Chronic Anger Is Sin

by James Rudy Gray

Chronic anger is a growing problem in our fast-paced, high-stress lifestyles. Men are particularly prone to this difficulty. One of the most serious components in the behavior of Type A personalities is chronic anger.

Dr. Frank Bruno, a secular psychotherapist and professor of psychology at San Bernardino Valley College, has written, “Remember that acting in any angry manner is a choice you make. Refuse to think, ‘I cannot help myself.’ Instead think, ‘I am in the driver’s seat. Negative emotional displays are not in my own best interests.”

Anger itself is a strong feeling of displeasure that signals danger. It is characterized by high psychological arousal. Chronic anger is characterized by three key attributes:  It is sinful (or pathological), excessive, and irrational.

Since anger is a secondary emotion growing out of such primary emotional conditions as fear, hurt, or frustration, it is important to see the underlying reasons behind chronic anger.

Is chronic anger sin? Most commentators agree that anger itself is not sin. The sin is evidenced in how we deal with it. Chronic anger, however, is a condition that poisons a person’s emotional system. It is sin.

Ephesians 4:26 says, “Be angry and yet do not sin; do not let the sun go down on your anger.” This verse includes a quotation from Psalm 4:4. The Greek root word for “be angry” is orgé and it can refer to an abiding state of mind that is aroused under certain conditions. The word “anger” in this verse is a different word, parorgismós, meaning basically an angry mood. We should have righteous indignation that is not simply an expression of wounded pride, etc. However, we must not live in a settled condition of being angry, as A. T. Robertson pointed out. The idea is to be righteously angry, but not to live in that atmosphere.

Chronic anger is a settled mood of anger. It is dangerous, destructive, and sinful. John MacArthur calls parorgismós “a deep seated, determined, and settled conviction.”

If chronic anger is evident in our lives or in the lives of people we attempt to serve, how can we be God’s tool in the helping process?

The condition of chronic anger must be seen. Then it must be seen for what it is: sin. Confession of it as sin should be made (1 John 1:9). Then the difficult work of adjusting to a different lifestyle must begin. Understanding our condition along with applying  God’s truth to our lives must take place.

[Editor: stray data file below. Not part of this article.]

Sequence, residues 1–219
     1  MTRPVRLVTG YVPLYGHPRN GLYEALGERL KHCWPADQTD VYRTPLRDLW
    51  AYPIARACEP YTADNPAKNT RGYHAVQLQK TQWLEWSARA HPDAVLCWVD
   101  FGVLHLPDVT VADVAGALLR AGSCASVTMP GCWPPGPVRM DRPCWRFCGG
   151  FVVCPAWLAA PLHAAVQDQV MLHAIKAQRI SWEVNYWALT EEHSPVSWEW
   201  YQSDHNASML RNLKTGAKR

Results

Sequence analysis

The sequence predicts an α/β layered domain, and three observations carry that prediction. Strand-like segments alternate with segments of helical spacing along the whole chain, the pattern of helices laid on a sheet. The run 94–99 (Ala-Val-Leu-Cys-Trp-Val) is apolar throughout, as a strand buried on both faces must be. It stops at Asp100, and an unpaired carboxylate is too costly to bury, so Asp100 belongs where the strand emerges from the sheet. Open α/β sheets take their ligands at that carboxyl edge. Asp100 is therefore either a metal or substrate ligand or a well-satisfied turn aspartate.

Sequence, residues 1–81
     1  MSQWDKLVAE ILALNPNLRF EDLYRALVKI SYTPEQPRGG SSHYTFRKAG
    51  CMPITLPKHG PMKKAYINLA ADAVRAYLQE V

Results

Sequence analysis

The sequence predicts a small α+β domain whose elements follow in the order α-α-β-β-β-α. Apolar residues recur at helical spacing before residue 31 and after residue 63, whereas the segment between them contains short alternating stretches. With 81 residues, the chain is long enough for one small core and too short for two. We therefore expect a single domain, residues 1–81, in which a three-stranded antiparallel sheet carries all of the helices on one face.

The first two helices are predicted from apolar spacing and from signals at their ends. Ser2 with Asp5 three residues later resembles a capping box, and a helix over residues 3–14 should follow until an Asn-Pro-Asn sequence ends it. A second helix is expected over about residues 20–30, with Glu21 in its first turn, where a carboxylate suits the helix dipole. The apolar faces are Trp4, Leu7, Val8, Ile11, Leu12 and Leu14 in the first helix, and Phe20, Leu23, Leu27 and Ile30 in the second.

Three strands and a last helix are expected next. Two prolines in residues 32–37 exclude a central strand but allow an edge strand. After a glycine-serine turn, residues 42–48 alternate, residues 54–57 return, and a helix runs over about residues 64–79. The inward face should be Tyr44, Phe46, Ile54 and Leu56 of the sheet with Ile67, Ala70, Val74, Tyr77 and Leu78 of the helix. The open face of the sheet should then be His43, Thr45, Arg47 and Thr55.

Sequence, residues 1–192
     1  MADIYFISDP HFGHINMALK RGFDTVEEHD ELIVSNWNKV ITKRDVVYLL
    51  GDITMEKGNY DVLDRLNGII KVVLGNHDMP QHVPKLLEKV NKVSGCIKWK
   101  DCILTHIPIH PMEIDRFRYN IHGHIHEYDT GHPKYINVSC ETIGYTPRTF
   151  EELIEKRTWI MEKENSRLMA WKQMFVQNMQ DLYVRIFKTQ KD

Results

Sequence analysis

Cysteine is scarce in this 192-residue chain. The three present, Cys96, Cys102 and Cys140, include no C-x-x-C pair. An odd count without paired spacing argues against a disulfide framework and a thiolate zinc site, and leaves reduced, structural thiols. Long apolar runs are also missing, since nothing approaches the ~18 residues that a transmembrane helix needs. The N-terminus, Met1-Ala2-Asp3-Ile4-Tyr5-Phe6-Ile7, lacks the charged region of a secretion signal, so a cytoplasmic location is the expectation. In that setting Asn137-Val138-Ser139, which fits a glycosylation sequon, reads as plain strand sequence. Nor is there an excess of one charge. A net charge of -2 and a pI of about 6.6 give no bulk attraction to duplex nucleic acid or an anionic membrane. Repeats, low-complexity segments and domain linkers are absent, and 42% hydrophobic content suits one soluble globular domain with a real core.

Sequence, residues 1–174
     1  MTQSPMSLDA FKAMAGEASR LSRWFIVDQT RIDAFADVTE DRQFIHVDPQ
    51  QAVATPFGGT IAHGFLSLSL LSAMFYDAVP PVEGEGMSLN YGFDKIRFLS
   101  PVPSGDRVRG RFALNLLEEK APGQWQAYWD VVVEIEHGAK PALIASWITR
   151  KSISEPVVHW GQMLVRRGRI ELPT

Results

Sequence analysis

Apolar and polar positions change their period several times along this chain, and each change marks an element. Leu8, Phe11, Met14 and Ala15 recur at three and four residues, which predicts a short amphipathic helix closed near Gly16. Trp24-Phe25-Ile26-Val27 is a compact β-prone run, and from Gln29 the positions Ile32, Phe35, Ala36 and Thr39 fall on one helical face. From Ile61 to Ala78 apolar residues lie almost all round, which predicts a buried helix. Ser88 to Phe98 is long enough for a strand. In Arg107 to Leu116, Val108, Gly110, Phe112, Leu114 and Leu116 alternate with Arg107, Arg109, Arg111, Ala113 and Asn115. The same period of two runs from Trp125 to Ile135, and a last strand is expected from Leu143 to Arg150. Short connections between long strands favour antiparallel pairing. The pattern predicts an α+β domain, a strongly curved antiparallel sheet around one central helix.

It is important that chronically angry people do the necessary self-evaluation and receive input from those who know them best. It is almost always wise to seek the help of well-trained counselors in the process of personal change.

Here are some of the more obvious questions to ask when determining if a person is chronically angry: Are you over-valuing the importance of your own emotional state? Are you using anger as a way to cope with anxiety? Are you employing behavior that you learned early in life? Is anger a way for you to get your own way?

One of the most effective tools to find immediate help is to use the delay

principle in your responses. Stop before you act. Think before you speak. Take a time-out. Count to one hundred. Basically, put some time between the feeling and the action you are moved to take. A great strategy for reconditioning a person’s lifestyle, to be used with the delay principle, is to memorize Scriptures dealing with joy, attitude, patience, etc.

Choosing to live an angry life is a decision that brings negative consequences. Choosing to face the truth of our condition, identifying possible causes and patterns, and taking action to change is a positive, healthy, and good commitment.

Chronic anger will not end suddenly. It is a conditioned state of living. However, facing the truth and making a conscious and God-focused commitment to change will empower a person to move forward in the process of healthy change.

James Rudy Gray, who pastors Utica Baptist Church in Seneca, S.C., is certified as a

professional counselor by the National Board for Certified Counselors, and is  a member

of the American Association of Christian Counselors.